Net-zero energy (NZE) entered the lexicon of residential and commercial construction several years ago. In simple terms, NZE means successfully designing and constructing a building that creates at least as much renewable energy as it consumes.
NZE ultimately means reducing GHG emissions, including carbon. It also assumes building operations are mostly electrified to reduce or eliminate dependence on fossil fuels like natural gas.
Energy efficiency efforts such as NZE are important but are only part of the full carbon story. As outlined in a recent column, decarbonizing the built environment also means addressing the carbons associated with the building process itself from construction through to demolition and beyond.
It’s a matter of the changing balance between operational and embodied carbons in terms of the total emissions associated with a building over its whole life. As operational energy emissions are reduced, the proportion of the embodied carbons, represented by everything that went into creating it, increases.
Structures built with this understanding in mind are referred to as carbon neutral.
An accepted definition for a carbon neutral building is offered by Swedish-based international design firm White Arkitekter.
“Greenhouse gas emissions are minimized at all stages, including the manufacturing processes, during construction and during use. The emissions that occur are balanced by climate-positive initiatives so that the net carbon footprint over time is zero,” the firm states.
Realization of carbon-neutrality can take different forms that go beyond mere aspirations, illustrated by two breakthrough projects, one in Québec City and one in Toronto.
A private sector consortium consisting of designers Salem Architecture and Régis Côté et associés, structural engineering firm Groupe Statera, and construction project managers Alaroy, have announced their intention to build Québec’s first large-scale carbon neutral building beginning later this year. When completed, the La Forest-Québec project will include over 300 rental units, a hotel, shops and restaurants in a complex of towers from seven to 15-storeys.
Nicolas Constantin, formerly of Québec construction firm Pomerleau and now president of Statera, told La Presse La Forest will bring today’s available technical and analysis tools together.
“We want to improve the process and bring it, thanks to the synergy between different technologies, to be deployed in industry, so that carbon-neutral buildings will be the norm in 15 to 20 years.”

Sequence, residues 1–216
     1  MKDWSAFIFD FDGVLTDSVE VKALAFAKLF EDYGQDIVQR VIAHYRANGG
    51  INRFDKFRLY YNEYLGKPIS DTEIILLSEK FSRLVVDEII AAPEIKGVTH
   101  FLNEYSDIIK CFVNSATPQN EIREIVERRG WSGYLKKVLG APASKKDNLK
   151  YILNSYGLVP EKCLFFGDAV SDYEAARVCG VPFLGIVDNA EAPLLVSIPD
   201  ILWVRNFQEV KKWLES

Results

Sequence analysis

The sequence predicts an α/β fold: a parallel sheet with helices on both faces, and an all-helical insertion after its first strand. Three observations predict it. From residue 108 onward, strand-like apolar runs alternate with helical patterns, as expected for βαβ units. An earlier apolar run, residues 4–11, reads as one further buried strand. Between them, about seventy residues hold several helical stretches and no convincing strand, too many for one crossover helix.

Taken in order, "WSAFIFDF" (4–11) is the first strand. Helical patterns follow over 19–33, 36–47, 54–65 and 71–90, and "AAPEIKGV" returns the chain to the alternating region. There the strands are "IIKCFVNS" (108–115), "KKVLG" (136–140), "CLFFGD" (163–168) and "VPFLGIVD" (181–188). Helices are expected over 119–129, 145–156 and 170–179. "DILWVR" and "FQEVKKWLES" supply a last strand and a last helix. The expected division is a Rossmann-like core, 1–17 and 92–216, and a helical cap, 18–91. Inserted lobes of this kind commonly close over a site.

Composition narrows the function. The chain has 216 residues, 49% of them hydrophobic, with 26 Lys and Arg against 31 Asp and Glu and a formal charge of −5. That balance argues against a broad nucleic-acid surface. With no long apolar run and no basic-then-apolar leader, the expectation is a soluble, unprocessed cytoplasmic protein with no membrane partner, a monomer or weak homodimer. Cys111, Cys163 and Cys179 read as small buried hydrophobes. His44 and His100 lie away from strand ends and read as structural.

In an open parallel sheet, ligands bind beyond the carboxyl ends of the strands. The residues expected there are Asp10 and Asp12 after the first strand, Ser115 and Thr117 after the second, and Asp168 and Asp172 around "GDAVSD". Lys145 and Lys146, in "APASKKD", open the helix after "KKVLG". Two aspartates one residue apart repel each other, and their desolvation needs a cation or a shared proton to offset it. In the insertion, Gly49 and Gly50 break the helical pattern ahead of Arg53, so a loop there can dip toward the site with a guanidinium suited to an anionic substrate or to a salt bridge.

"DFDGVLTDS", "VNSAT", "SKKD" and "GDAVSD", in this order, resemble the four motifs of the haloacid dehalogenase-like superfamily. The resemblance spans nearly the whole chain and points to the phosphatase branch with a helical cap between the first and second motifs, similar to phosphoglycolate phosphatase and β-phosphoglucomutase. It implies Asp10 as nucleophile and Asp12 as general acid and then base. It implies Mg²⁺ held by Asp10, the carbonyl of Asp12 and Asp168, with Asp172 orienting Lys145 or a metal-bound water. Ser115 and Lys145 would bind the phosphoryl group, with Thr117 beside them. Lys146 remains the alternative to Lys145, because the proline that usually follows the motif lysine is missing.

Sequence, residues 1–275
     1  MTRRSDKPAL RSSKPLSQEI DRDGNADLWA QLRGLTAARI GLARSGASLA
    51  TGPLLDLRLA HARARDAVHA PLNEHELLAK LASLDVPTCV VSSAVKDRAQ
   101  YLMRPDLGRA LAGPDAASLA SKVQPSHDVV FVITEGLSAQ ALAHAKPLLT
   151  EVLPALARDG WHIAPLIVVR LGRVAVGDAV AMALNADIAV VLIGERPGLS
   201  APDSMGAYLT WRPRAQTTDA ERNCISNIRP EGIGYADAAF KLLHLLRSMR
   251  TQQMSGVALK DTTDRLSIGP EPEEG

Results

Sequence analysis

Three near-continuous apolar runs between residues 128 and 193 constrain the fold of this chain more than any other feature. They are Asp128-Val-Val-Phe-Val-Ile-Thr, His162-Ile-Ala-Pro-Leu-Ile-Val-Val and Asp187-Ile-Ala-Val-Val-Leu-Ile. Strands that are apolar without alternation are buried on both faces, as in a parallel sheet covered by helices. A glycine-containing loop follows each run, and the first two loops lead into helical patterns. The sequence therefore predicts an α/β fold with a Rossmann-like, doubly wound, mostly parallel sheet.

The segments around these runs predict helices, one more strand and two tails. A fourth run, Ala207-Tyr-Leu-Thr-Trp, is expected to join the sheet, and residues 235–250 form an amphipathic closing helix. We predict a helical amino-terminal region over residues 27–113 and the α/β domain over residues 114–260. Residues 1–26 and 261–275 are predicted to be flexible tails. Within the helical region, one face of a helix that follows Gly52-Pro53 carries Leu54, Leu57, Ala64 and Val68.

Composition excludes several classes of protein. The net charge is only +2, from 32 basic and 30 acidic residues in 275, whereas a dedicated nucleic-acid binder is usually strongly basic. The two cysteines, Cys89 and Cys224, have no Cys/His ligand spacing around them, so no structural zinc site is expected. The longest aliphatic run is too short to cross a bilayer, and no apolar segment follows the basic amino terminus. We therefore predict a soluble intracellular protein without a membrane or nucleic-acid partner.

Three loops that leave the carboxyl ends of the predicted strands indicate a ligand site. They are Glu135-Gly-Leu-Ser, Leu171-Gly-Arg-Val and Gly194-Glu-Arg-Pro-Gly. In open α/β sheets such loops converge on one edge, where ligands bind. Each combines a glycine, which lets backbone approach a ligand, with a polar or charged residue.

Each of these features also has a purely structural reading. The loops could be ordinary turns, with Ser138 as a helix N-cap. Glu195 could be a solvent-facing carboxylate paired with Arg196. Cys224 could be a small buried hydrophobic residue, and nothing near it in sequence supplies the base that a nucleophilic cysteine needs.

He stressed the cost premium of building to high certification standards is now near-negligible.
This determination is echoed by Josée Lupien, president of sustainable building consultancy Vertima, who joins the team to help with various certification processes.
“During the design, the operational carbon will also be examined, in relation to the energy performance of the building,” she told La Presse. “The performance of the envelope, solar gains, natural ventilation will, for example, be evaluated, while considering the viability of the project in order to establish a strategy. We don’t want to pretend to do things. We cannot make a building without carbon. You have to operate it, you have to build it.”
At the University of Toronto’s downtown St. George campus, a very different project called Landmark is already underway, but one that shares the same goal of carbon neutrality.
A large asphalt parking lot is being removed to be replaced with a new green space. But what lies underneath is truly significant.
Yes, there will be some new underground parking available. However, it’s a small trade-off. More importantly, the project has presented the opportunity to decarbonize the heating and cooling systems of the university’s surrounding buildings using the Earth’s below-ground natural heat, an engineering practice known as geo-exchange.
“We are excavating over 350 boreholes, 240-metres deep,” said Ron Saporta, the University’s CEO of property services and sustainability. “With the help of heat pumps, we can use these to store excess heat underground in the summer and retrieve it in the winter.”
It’s estimated Landmark will eliminate 15,000 tonnes of CO2 from the campus’ footprint while providing pathways and gardens to encourage conversation, study and relaxation.
John Bleasby is a Coldwater, Ont.-based freelance writer. Send comments and Climate and Construction column ideas to firstname.lastname@example.org.
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